Senate confirms Gina Haspel as first female Central Intelligence Agency director

Remigio Civitarese
Mag 18, 2018

Among Democrats supporting Haspel are several who are up for re-election this fall in states where Trump is popular, including Sen. Bill Nelson in Florida.

Haspel's nomination moved ahead despite stiff opposition - including from at least three of Trump's fellow Republicans - over her part in the CIA's use of harsh interrogation methods, including waterboarding, a type of simulated drowning widely considered torture, in the years after the September 11 attacks.

He asked how the Senate could take seriously Haspel's "conversion on torture".

One was in 2002, when she ran a black site prison in Thailand where officers carried out waterboarding and other harsh tactics to extract information out of suspected al-Qaida militants. Mark Warner of Virginia, the top Democrat on the Intelligence Committee, and Sen.

"She has acted morally, ethically, and legally, over a distinguished 30-year career and is the right person to lead the Agency into an uncertain and challenging future".

Sen. John McCain of Arizona was not in Washington for the vote however introduced final week that he opposed her nomination. Jeanne Shaheen of New Hampshire. Later that day, Democratic Sen.

But Senate Democrat Elizabeth Warren insisted Haspel's past connection to practices now widely seen as torture should sound the alarm bell.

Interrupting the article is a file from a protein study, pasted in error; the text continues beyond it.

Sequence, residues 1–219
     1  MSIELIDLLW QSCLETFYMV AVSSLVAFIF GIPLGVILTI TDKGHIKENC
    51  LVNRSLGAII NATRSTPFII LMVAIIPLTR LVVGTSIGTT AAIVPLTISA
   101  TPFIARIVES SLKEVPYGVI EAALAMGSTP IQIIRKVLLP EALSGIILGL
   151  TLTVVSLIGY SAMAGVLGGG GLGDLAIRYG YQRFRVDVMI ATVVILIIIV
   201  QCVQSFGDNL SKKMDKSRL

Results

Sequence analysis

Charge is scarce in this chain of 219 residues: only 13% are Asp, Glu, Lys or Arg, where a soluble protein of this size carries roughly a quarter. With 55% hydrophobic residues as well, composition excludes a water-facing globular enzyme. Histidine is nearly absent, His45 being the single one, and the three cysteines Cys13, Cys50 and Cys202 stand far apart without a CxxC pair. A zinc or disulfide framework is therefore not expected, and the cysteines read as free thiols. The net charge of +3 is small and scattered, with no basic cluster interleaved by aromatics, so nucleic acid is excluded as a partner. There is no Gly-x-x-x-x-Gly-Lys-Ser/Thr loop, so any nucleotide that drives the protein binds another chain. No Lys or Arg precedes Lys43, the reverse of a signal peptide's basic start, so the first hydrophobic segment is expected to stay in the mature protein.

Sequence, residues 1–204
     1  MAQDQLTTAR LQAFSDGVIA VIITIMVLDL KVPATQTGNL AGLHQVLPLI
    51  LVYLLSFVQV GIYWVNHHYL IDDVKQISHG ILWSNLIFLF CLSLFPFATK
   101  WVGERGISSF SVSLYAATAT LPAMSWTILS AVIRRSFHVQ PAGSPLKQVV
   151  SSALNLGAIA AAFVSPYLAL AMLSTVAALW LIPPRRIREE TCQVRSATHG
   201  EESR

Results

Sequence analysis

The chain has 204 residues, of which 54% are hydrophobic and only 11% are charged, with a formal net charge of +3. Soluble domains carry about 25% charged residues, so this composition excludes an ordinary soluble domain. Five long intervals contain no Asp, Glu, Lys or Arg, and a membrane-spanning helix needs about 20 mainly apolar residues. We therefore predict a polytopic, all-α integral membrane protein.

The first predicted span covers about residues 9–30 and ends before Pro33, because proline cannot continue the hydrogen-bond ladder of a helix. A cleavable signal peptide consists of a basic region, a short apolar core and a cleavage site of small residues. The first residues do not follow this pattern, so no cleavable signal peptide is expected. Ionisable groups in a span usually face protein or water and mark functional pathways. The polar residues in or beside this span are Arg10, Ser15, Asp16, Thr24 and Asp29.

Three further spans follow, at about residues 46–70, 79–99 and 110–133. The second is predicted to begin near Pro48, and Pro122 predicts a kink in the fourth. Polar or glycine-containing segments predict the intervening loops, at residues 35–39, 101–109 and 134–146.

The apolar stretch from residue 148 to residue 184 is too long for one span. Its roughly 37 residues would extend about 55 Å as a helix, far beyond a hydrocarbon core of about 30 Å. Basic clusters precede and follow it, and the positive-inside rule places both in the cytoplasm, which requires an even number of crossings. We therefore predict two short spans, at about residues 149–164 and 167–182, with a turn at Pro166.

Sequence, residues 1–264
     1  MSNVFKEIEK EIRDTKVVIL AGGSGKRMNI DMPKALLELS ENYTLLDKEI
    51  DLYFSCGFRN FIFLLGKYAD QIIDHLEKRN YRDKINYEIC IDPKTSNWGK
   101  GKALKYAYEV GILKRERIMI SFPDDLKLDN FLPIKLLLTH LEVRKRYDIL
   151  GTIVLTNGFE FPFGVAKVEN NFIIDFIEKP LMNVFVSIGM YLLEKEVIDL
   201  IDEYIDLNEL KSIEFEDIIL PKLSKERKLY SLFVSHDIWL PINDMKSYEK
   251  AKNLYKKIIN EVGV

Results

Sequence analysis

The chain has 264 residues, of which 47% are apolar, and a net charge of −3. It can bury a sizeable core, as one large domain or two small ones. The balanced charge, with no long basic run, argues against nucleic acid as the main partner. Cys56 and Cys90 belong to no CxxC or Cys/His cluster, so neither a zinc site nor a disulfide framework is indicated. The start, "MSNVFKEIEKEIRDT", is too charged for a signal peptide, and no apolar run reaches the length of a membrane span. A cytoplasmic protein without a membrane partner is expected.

The CIA said those foreign postings include Europe, Eurasia and Africa, though it has declined to name the countries, saying that's classified information.

Ahead of voting, McConnell said Haspel "demonstrated candor, integrity, and a forthright approach" throughout the confirmation process and "has quietly earned the respect and admiration" of intelligence community leaders at CIA headquarters in Langley, Virginia, and overseas. She has been serving as acting director. Among those who supported her nomination were six former CIA directors — Porter Goss, John Brennan, Leon Panetta, George Tenet, William Webster and Mike Hayden — and three former national intelligence directors — James Clapper, Mike McConnell and John Negroponte.

Haspel needed Democratic support to win confirmation because two Republican senators, Rand Paul of Kentucky and Jeff Flake of Arizona, opposed her for her role in the interrogation program.

Haspel was undercover for her first 32 years at the agency, a status lifted just last year when she became deputy director to Pompeo.

Sen. Ron Wyden, D-Ore., said that Americans don't really know the truth about Haspel's background because the Central Intelligence Agency refused to declassify records that would have revealed exactly what she did.

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